Like a Hurricane
Like A Hurricane is a book that doesn’t really start out well, but cultivates a lighthearted charm as it goes along. On page one, our hero is snooping through a dilapidated old beachside hotel called the Mar Brisas Resort, when he spies the heroine’s legs dangling from an elevator shaft. Instant desire overwhelms him, and the exchange that follows (after he rescues her from the elevator shaft) is loaded with annoying lust-think on the parts of both protagonists. Then he calls the hotel a dump, and she gets mad and leaves.
The hero’s name is Quinn McGrath, and he works for a development company that plans to buy the resort on Florida’s beautiful Gulf coast, bulldoze it, and build a big ice-cube-tray hotel. It seems that the Mar Brisas was damaged in a hurricane, and Quinn can tell that the owner, Nick Whitaker, hasn’t spent a dime of his insurance money on repairs. In other words, the Mar Brisas is ripe for the picking. What Quinn doesn’t realize is that the mystery woman from the elevator shaft is Nicole Whitaker, the owner, who loves Mar Brisas and didn’t get a dime of insurance after the hurricane. She’s trying to do the necessary repairs herself, but business has fallen off and the bank is threatening foreclosure.
Needless to say, when Quinn and Nic realize who each other are, their first impressions change. He thinks she’s scamming her insurance company; she thinks he’s a heartless tycoon come to destroy her dream. But they can’t quite get rid of that pesky attraction, nor can Quinn shake the feeling that Nic is the one woman in the world for him.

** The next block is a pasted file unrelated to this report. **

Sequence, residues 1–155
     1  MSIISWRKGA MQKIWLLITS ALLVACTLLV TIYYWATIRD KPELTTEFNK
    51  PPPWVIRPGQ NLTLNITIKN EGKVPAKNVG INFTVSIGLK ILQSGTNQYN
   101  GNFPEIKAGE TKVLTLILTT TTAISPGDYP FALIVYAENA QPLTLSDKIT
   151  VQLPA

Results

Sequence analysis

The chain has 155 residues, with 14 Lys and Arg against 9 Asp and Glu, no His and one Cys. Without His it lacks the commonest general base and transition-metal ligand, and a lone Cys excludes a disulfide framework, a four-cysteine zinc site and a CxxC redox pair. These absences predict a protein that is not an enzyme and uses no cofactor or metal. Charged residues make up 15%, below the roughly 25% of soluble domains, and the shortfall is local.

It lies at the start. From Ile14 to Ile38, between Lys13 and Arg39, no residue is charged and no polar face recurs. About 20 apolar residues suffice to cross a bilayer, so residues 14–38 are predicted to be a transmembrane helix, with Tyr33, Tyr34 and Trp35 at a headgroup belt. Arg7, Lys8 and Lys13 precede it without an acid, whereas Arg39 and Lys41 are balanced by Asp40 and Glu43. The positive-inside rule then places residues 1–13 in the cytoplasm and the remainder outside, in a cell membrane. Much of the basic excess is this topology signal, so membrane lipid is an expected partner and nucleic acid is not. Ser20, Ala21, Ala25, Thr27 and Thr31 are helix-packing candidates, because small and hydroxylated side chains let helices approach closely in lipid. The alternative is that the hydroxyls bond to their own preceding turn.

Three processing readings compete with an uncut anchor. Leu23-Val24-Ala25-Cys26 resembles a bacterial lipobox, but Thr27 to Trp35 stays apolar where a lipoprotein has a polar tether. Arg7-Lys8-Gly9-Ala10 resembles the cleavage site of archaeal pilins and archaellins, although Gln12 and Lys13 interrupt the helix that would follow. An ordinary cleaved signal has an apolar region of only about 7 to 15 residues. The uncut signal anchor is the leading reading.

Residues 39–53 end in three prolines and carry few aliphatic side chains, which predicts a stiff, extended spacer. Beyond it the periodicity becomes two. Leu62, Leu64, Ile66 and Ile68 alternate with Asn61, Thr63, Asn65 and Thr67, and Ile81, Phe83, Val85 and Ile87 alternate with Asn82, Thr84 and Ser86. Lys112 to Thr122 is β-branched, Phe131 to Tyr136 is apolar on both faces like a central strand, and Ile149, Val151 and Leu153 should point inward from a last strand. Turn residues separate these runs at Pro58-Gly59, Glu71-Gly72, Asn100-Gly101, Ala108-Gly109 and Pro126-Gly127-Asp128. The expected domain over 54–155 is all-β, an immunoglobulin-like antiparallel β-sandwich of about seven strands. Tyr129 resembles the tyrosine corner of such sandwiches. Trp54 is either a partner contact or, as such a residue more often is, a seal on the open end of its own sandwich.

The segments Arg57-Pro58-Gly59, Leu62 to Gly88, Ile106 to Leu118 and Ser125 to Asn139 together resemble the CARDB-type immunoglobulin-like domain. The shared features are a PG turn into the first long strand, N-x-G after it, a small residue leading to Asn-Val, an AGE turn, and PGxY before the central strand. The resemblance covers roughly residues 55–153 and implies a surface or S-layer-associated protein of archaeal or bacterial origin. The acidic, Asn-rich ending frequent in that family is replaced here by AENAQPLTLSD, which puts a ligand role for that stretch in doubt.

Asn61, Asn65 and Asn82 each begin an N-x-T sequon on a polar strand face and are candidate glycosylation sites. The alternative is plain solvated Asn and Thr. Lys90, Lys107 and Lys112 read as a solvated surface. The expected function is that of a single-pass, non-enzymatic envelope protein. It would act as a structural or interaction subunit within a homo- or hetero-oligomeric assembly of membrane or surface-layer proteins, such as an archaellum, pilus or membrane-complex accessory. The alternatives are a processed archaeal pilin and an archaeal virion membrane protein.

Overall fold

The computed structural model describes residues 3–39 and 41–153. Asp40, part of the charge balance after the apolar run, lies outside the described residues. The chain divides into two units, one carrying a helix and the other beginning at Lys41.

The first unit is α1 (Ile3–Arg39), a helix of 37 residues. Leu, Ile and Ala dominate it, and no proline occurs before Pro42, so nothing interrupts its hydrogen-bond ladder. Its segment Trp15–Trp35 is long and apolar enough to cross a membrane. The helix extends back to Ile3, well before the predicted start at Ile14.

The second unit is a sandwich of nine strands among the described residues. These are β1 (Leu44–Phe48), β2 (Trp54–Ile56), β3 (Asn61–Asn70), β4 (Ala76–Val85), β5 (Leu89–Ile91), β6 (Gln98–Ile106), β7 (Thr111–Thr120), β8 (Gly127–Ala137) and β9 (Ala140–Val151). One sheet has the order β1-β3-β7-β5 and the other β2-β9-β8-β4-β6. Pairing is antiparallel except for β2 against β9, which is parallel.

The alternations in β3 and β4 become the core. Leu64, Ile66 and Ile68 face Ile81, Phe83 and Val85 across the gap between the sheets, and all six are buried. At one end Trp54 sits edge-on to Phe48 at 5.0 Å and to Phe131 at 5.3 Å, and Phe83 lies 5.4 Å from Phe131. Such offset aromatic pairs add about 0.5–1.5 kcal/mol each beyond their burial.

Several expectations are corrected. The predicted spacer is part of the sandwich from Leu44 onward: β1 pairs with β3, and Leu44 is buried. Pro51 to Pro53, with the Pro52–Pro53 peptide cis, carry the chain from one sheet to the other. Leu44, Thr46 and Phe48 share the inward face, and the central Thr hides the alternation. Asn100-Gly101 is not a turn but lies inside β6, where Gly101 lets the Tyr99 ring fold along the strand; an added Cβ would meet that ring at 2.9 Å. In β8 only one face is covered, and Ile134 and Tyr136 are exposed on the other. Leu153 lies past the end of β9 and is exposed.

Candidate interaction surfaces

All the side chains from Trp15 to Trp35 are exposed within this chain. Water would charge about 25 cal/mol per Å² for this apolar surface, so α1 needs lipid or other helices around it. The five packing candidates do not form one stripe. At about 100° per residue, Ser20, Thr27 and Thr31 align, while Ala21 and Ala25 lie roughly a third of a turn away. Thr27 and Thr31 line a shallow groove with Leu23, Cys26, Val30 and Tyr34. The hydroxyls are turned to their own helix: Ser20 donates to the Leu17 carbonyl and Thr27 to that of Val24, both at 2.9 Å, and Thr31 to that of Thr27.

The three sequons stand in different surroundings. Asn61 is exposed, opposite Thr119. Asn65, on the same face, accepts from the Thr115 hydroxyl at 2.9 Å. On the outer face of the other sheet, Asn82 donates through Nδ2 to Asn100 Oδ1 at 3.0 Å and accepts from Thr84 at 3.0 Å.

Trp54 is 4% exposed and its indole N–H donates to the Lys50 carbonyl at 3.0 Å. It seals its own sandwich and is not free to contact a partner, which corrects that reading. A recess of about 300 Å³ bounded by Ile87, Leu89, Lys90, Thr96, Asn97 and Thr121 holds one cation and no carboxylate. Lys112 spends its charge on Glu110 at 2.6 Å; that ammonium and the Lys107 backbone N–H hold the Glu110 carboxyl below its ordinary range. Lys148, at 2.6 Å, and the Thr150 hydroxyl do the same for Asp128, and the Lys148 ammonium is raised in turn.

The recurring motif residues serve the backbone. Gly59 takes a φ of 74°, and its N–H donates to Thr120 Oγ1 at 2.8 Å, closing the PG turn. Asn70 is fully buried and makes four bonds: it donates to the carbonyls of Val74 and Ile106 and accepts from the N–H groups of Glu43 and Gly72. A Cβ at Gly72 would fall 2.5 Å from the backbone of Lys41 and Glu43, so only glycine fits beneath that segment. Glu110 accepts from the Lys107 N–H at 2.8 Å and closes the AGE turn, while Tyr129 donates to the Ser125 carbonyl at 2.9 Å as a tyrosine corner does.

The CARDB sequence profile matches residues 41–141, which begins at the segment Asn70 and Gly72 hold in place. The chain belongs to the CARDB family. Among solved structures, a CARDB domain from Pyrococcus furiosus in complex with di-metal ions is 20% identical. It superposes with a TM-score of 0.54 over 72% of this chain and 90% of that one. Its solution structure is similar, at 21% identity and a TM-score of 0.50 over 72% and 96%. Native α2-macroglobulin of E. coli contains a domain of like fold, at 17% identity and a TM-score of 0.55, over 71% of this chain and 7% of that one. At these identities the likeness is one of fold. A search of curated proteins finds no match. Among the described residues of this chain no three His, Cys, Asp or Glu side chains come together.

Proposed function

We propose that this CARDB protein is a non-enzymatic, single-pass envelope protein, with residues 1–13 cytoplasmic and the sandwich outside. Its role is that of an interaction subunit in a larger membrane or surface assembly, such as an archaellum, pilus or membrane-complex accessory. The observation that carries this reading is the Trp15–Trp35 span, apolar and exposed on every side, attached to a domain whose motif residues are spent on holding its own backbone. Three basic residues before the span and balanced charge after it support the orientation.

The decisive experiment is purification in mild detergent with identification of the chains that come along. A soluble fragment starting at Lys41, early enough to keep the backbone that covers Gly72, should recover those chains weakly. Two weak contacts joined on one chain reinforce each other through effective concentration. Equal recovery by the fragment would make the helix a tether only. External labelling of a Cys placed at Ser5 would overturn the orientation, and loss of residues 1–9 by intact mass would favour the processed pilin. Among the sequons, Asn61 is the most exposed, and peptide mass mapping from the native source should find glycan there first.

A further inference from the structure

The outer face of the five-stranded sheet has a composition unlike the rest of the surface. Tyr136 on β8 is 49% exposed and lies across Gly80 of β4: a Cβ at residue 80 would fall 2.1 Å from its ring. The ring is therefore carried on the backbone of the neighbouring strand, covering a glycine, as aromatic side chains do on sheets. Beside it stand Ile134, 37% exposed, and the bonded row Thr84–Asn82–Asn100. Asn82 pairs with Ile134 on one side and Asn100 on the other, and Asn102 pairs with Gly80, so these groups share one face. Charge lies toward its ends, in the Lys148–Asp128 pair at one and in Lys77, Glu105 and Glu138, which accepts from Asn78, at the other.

This is, without a doubt, a Light-and-Fluffy romance. There is no deep angst here, no powerful and troubling issues, and nothing that will linger long in your memory. However, both characters are quite likable, as are the plot and the setting. The east coast of Florida is one of my very favorite places in all the world, so I heartily sympathized with Nic’s ambition to preserve its authentic Spanish architecture, rather than see it converted entirely into square hotels and pink stucco condos. I was also charmed by the fact that this novel turns an increasingly annoying stereotype on its ear: you know, the one about the career-minded city girl who gives up her career to live in a small town with some local yokel? In this case, the career-minded one who gives up the career is the hero. A minor inversion, I admit, but one I relished. The irksome lust-think of the initial chapters soon subsides, and it becomes clear that the hero and heroine are truly meant for each other. There’s also a funny subplot dealing with a certain billboard that I thought was a hoot.
Like A Hurricane is an amusement; it’ll make for a stress-free diversion on a Saturday morning, or a nice way to spend the hours some evening after work and before bed. Sometimes that’s exactly what I’m looking for in a romance novel. If you’re in the mood for such a book, pick up Like A Hurricane. It is unlikely to rock your world, but it’ll pleasantly fill up a few hours.